Anyone who’s familiar with the typical lifecycle of a joke on the internet probably had a pretty good idea exactly how the GameStop saga that took the world by storm last month was going to play out, as anyone who scrambled to get in on the action after the movement sparked by Reddit users that turned their focus to the company and other “meme stocks” became mainstream news had no one but themselves to blame for losing money when the shares inevitably cratered.
After spiking from $40 to over $480 a share over the course of a week when r/WallStreetBets attempted to stick it to hedge funds that shorted GameStop and couldn’t resist the urge to broadcast their position to the world, the efforts of the Diamond Hands who urged their fellow speculators to HOLD the line weren’t enough to prevent the massive sell-off that sent the stock plummeting back to Earth as opposed to rocketing to the moon (it’s hovering around the $50 mark as of this writing.)
If you were aware of the existence of r/WallStreetBets before one of your parents called to ask if you’ve heard about “something called ‘The Reddit,'” then there’s a chance you were able to get in on the ground floor and avoided the fate of the people who will probably blame Robinhood for their losses as opposed to their lack of common sense. However, when you consider the community is best described as a road paved with broken dreams littered with the occasional success story, it was pretty obvious GameStop would be just another in a long line of cautionary tales about the dangers of day trading.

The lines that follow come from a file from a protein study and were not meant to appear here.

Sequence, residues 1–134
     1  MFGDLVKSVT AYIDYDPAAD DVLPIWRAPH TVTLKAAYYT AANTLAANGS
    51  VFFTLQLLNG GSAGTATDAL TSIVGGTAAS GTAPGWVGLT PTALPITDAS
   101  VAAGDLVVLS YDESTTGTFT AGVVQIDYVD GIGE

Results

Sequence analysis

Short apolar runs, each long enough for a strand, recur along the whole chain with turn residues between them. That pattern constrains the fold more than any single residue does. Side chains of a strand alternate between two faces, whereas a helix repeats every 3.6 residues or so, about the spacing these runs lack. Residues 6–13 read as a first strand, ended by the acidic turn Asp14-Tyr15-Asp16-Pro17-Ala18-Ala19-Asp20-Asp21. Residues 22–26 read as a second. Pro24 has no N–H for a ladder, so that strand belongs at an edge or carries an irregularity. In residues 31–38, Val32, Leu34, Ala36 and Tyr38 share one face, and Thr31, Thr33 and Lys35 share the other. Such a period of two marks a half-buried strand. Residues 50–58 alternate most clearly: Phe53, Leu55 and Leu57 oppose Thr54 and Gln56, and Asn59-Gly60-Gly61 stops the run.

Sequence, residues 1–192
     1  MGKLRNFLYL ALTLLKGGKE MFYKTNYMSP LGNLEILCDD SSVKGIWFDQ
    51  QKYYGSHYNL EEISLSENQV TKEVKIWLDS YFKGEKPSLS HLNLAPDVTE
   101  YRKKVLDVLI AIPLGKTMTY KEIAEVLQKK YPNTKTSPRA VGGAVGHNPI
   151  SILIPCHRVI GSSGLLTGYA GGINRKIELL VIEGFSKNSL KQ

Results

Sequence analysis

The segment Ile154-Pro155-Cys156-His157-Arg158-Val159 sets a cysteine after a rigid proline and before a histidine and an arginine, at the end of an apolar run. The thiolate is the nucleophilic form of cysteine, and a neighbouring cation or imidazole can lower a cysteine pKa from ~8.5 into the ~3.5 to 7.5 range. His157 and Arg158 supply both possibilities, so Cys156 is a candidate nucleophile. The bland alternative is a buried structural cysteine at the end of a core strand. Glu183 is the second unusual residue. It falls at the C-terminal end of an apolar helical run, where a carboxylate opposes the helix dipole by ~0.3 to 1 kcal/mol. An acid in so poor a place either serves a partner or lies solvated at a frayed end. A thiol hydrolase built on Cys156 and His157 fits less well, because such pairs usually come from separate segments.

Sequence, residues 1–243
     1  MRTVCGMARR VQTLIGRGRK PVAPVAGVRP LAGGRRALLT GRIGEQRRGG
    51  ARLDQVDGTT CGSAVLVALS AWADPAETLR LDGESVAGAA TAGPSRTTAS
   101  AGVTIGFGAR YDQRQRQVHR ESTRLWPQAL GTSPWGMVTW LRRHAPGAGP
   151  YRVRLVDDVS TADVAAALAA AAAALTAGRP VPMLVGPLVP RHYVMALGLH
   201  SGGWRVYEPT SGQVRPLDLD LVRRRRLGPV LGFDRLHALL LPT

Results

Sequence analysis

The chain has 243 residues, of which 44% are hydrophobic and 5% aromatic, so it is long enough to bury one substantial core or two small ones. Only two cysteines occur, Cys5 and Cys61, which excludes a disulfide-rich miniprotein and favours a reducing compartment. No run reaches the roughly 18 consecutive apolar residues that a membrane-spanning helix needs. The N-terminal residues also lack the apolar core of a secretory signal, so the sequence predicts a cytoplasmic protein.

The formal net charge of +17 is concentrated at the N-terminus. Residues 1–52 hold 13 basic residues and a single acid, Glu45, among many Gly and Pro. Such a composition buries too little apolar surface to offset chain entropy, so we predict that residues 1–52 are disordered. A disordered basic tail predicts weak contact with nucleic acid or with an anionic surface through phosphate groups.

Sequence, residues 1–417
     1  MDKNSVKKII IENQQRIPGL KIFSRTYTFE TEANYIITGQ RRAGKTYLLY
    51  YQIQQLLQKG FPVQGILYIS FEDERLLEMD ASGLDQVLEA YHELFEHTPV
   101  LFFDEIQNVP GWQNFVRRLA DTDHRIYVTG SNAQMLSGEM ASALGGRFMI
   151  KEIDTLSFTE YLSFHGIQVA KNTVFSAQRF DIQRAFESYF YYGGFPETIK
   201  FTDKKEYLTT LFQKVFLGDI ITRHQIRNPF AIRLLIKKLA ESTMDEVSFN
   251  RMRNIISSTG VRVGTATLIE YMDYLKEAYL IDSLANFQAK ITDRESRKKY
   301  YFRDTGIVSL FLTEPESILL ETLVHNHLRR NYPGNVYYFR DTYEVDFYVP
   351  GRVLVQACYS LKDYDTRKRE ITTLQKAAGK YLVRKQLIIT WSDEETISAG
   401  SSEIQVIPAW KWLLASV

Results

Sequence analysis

The r/WallStreetBets member who started it all may have missed out on an insane amount of money by refusing to cash out, but if he’s looking for a steadier gig, he might have a chance to recoup some of his theoretical losses courtesy of an investment fund that’s on the hunt for a member of the community to spend their days online searching for stonks with the potential to get the GameStop treatment (assuming he’s not disqualified from holding the job after catching the interest of financial regulators.)
According to Gizmodo, Cindicator Capital—an algorithm-based hedge fund (referred to as a “quant fund” in Wall Street parlance)—recently posted a job offering on LinkedIn in search of a “Sentiment Trader,” who will be tasked with patrolling the internet and putting their “refined taste for memes” to good use by scouring Reddit, Discord, and Twitter for The Next Big Thing.
Assuming you have what it takes, you’ll start with a yearly salary of $200,000 and can earn even more in bonuses (assuming you don’t kill a member of their risk assessment team by making a call that results in Cindicator meeting the same fate as Citrion, the hedge fund that got absolutely obliterated after it’s GameStop short came to the attention of retail investors.)
What a world.